Unemployment in Jordan motivates immigration to Europe

b_172_129_16777215_00_images_JOR15122aa001.jpegJordanian Adnan Ananzah, 27, moved to Saudi Arabia a few years ago when he couldn’t find a job in his home country. But even though he is an electrical engineer, he couldn’t find a job that paid him enough to cover his rent and other expenses.

Since he returned to Jordan in 2015, he still hasn’t been able to find a job. Desperate, he recently took a surprising move that is becoming increasingly common in the Hashemite Kingdom. From the small savings he kept from Saudi Arabia, he spent $4,000 to buy a fake Syrian identity papers and left for Turkey in hopes of eventually reaching Europe as a refugee. 

"I was very frustrated and wanted to immigrate to Europe by any means," said Adnan Ananzah, 27, recently before he left.

University of Jordan Sociologist Mustafa Mahmoud said Jordanians posing as Syrians was increasingly common given the county’s sluggish economy.

Unemployment in the kingdom stands at more than 18 percent - the worst in 25 years, according to the Jordanian Department of Statistics. But some groups are suffering far worse. For young people between the ages of 22 and 24, the rate is 41.5 percent. Among women, the jobless rate is around 30 percent. More than 23 percent of Jordanians who have earned a bachelor’s, master’s or PhD can’t find a job.

"It's normal young people looking for better life, and with the bad conditions in Jordan most of my students are looking for immigration, but the methods they follow are very dangerous and it shows an evidence that there is a major societal imbalance that has begun to emerge recently,” said Mahmoud.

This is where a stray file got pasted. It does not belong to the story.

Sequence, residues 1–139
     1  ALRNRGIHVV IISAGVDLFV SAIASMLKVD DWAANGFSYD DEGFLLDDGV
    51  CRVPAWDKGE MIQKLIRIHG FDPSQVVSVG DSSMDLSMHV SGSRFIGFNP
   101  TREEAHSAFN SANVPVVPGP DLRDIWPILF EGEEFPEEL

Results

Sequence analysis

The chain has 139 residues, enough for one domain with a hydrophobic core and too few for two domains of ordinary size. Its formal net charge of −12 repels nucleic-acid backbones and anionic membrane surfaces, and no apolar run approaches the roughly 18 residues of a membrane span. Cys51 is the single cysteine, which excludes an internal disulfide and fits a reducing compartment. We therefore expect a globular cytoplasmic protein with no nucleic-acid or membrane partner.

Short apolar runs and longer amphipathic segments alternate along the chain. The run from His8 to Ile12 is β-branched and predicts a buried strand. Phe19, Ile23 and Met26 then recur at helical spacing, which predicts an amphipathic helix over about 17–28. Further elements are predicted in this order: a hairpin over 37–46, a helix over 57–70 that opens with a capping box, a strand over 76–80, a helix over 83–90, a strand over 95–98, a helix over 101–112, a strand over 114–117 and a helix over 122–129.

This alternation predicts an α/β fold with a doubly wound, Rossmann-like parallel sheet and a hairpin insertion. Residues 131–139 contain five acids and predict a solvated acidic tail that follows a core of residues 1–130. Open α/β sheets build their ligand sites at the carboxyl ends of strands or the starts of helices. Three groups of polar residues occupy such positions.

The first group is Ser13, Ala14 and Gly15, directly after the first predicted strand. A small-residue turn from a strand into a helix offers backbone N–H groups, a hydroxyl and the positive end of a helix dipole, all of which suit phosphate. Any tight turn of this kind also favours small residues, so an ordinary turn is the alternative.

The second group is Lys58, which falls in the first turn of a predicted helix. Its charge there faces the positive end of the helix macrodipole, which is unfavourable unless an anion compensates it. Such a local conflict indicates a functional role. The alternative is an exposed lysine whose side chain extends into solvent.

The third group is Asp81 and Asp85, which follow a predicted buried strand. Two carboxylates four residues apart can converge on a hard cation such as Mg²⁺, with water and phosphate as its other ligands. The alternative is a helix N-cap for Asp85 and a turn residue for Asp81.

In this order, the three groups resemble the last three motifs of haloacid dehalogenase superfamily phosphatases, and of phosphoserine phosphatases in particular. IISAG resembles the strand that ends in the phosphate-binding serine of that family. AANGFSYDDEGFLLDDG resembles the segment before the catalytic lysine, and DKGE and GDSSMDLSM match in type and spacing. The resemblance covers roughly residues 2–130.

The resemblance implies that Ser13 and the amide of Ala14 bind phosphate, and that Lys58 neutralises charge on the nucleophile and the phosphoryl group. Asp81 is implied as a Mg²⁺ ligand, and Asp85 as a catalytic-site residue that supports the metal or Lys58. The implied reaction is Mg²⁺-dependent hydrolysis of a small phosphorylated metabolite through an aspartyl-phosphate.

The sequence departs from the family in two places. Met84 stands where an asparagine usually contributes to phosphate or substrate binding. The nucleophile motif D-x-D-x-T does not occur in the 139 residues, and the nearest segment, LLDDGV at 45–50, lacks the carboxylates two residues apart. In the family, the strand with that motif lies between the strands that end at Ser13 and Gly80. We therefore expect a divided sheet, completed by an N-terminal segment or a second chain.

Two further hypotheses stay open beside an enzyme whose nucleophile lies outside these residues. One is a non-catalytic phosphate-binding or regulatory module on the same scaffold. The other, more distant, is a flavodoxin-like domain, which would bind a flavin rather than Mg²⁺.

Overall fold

Ward Al-Maaytah, 33, was a high school graduate who hadn’t worked for seven years when he struck up a conversation with a man who turned out to be a refugee smuggler in a cafe in Zarqa in eastern Jordan.  He sold his mother’s jewelry to raise $3,000 for fake Syrian papers.

“I know there are tens of thousands of young people travel to Europe in this way,” said Al-Maaytah. “So I accepted and started the adventure. The situation in Jordan is intolerable - huge taxes, no jobs and corruption.”

Mustafa Mahmoud, 39, is a smuggler who didn’t help Al-Maaytah. But he said he had helped at least 2,000 young Jordanians obtain Syrian documents so they might pose as refugees seeking haven in Europe.

Saying only that he works in the public sector when not smuggling people abroad, Mahmoud viewed himself as a Samaritan. “My work is not terrorism or immoral,” he said.

His clients leave Jordan using their Jordanian passports. They usually fly to Ataturk Airport in Istanbul, where they present their Jordanian papers to border control. Then they meet Syrians who are part of the smuggling ring who give them fake Syrian papers. From there, they head to the coast with the goal of reaching Cyprus and then Europe.

Mahmoud said he takes around 10 percent of the fees he charges would-be refugees.

Another smuggler, Mahmoud Hussein, a 53-year-old taxi driver, said he has been trafficking Iraqis from Jordan to Turkey and Europe since the Second Iraq War started in 2003. Four years ago, he started to see Jordanians asking about smuggling as well. The Syrian Civil War gave him an opportunity to help them, too.  His brother-in-law is a Syrian who works as a security official, so he can easily counterfeit identity documents for his clients.

Hussein is partial to Jordanian university students who have little hope of finding a job that matches their training.

“They are suffering, especially the fear of unemployment, rising prices and the unbearable taxes,” he said. “Most of them say they want to emigration and not return. Some even envy the Syrians as fleeing to Europe even on boats of death.”

The Jordanian government was skeptical that its citizens were masquerading as Syrian refugees. The spokesman for the public security unit in the Interior Ministry, Colonel Amer Sartawi, said INTERPOL or other authorities would surely have detained and discovered the true identity of at least one Jordanian citizen en route to Europe. But that has not happened.

“Assuming that there is any illegal immigration of Jordanians to Europe, we would know,” he said.

But the Jordanian migrants said they threw away their passports once they left Turkey so they might start a new life from scratch.

Hanadi Imad, 40, a housewife in Zarqa, said she would be happy to abandon Jordan and go elsewhere. She and her husband have been discussing how he might leave and how she might later follow.

"I wish my husband could emigrate in any way so that we can live a better life," she said.

Another version of this story can be found here.
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